PARIS — Kentucky touts itself as the Horse Capital of the World, not just in quality but in quantity. The number of Thoroughbred horses born in the Bluegrass State this year will be at least three times as many as are born in any other state.
Ask fans to name famous horse farms, and the ones that leap to mind often are the biggest and stand the most expensive stallions.
But bigger doesn't necessarily mean better.
There is another side to the horse industry, one that is as important to the economic health of the overall business as multimillion-dollar megafarms.
In June, all over the Bluegrass, small farms such as Runnymede Farm are blooming, rolling green fields that abound with robust babies and fecund mares.
At this time of year, after the last of the babies have been safely born and the mares have returned from their last stallion visits to sow the seeds of next year's crop, small farms take stock and feel proud of the crops they have brought to fruition, many through hands-on, day-to-day work.
According to a survey conducted last year by state government researchers, about two-thirds of Kentucky Thoroughbred farms are 250 acres or less, with 50 or fewer horses. The horses at those small farms account for about one-fourth of the total Thoroughbred population, which points to the symbiotic relationship between the big stallion operations and the small nurseries.
"They need our mares," said Brutus J. Clay III, president of Runnymede Farm in Paris. "If you lose the small farms, the large farms with the stallions don't have anybody to breed to."
'It's getting harder'
In existence for 145 years, Runnymede is the oldest continuously operated Thoroughbred farm in Kentucky. Although owned by the well-heeled descendants of Col. Ezekiel Clay, Runnymede must stand on its own financially, something that has become increasingly difficult in recent years for most farms.
"It's getting harder and harder to be a small farm," Clay said.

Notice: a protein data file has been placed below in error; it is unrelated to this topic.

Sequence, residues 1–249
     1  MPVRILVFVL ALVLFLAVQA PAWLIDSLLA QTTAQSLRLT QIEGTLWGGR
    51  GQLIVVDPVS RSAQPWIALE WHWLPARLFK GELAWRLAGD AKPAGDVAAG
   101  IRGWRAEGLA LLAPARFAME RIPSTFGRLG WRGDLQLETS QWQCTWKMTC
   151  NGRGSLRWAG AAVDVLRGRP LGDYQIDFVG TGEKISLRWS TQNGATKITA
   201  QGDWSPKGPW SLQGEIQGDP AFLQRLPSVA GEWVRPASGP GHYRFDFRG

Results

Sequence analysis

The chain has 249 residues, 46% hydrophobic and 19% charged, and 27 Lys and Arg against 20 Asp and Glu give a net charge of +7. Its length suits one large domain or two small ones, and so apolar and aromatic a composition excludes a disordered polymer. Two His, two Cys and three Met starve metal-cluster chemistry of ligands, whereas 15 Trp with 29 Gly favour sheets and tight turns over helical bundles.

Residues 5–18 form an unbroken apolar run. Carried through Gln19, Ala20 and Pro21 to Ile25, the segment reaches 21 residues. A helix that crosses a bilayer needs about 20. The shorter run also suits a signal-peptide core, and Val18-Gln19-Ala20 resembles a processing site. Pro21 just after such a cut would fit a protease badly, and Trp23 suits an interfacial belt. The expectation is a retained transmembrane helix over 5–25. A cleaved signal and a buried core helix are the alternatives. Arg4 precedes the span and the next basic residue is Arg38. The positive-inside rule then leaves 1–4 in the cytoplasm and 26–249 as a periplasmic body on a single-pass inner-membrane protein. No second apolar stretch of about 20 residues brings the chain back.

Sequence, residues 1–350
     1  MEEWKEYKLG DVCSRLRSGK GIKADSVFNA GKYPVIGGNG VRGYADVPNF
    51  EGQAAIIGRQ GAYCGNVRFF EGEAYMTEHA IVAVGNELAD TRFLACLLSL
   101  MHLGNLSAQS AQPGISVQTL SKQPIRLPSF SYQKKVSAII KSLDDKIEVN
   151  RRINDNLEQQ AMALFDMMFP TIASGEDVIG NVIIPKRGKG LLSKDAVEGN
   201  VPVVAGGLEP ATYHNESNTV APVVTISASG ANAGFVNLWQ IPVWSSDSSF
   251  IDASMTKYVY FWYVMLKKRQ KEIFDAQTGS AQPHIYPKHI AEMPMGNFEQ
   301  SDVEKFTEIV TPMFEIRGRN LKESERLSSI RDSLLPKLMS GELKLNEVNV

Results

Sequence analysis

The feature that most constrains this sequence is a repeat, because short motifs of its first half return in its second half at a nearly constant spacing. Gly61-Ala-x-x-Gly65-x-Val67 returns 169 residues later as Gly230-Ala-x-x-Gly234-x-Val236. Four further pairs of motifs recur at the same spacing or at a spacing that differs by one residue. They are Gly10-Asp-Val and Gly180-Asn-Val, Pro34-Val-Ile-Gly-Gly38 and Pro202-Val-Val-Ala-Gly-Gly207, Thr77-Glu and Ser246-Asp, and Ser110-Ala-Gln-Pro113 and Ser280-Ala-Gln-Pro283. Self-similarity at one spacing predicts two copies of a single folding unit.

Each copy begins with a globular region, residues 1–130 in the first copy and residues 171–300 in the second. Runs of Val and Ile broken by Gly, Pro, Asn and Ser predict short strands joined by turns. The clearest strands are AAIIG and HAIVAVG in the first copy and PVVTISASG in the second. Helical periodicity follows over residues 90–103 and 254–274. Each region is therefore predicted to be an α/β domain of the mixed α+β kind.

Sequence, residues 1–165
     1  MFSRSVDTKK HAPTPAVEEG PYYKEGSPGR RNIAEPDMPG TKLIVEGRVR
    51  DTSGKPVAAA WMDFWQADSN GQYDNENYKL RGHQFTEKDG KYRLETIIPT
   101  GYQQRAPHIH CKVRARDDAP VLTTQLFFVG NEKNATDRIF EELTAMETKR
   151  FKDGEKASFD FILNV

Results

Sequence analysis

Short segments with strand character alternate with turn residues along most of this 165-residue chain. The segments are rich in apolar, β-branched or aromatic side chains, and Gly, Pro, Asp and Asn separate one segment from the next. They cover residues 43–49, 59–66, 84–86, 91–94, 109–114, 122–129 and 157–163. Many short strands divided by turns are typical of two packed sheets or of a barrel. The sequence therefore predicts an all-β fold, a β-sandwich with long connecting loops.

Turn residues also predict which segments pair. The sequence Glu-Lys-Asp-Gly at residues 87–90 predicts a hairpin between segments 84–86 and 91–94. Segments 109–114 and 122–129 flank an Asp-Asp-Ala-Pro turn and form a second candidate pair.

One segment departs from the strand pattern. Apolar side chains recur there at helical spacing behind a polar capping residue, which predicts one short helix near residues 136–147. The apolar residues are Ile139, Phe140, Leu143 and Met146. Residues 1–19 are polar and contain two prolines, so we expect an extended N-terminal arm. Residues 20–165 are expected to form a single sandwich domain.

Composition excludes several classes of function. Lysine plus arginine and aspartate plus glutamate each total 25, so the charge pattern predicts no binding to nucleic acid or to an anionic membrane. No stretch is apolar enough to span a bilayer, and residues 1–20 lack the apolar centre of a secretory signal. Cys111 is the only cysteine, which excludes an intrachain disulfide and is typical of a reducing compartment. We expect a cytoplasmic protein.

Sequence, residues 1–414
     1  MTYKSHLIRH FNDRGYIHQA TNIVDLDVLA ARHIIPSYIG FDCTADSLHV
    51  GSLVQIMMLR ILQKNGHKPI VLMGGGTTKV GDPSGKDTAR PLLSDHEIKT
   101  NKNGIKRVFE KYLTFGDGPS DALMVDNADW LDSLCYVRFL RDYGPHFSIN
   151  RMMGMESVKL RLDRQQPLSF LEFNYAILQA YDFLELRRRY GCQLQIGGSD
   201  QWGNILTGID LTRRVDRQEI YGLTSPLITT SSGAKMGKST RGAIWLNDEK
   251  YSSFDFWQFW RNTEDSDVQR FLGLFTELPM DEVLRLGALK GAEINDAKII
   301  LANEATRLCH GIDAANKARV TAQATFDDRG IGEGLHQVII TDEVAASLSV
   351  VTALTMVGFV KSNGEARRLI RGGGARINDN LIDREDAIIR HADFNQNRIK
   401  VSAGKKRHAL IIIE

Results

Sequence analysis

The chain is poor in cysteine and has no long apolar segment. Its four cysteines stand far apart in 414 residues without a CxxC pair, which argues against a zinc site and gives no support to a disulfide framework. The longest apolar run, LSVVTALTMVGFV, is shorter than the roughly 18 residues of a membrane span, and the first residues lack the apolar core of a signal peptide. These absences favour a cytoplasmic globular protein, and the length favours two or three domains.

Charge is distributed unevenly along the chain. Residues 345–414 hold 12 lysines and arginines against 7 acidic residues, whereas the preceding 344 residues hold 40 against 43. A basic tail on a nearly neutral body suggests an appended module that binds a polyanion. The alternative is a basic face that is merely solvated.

On small farms, instead of 300 mares, there are 30. And instead of having 100 or more foals to sort through and decide which to sell and which to keep and race, there are a dozen.
But, as Clay points out, a $200,000 horse eats just as much as one worth $20,000.
That puts pressure on every horse. Some yearlings must sell for six figures to pay the way for those that don't make a profit, or those that don't sell at all.
"If we go into the sales with 15 yearlings, one or two or three horses could represent over half of our revenue," Clay said.
Runnymede has had remarkable success, for a farm large or small. Two early hot prospects for the 2011 Kentucky Derby, Jaycito and Rogue Romance, were born at Runnymede.
But Runnymede has had an outsize footprint in the horse industry virtually from its start in 1867. Four Runnymede horses are in the racing Hall of Fame: Hanover, Roamer, Ben Brush and Miss Woodford. Three Runnymede horses have won the Kentucky Derby: Ben Brush, Agile and Count Turf. Runnymede-raised Angle Light beat the great Secretariat in the 1973 Wood Memorial. In more contemporary history, there is 2001 Japanese champion Agnes Digital.
"For our size and the price we pay for our mares, our breeding record is as strong as any operation out there," Clay said.
'Important for the region'
Small farms play a crucial role in the health of Central Kentucky's rural communities: Each one provides a slice of income for veterinarians, hay and feed providers, halter makers and local laborers.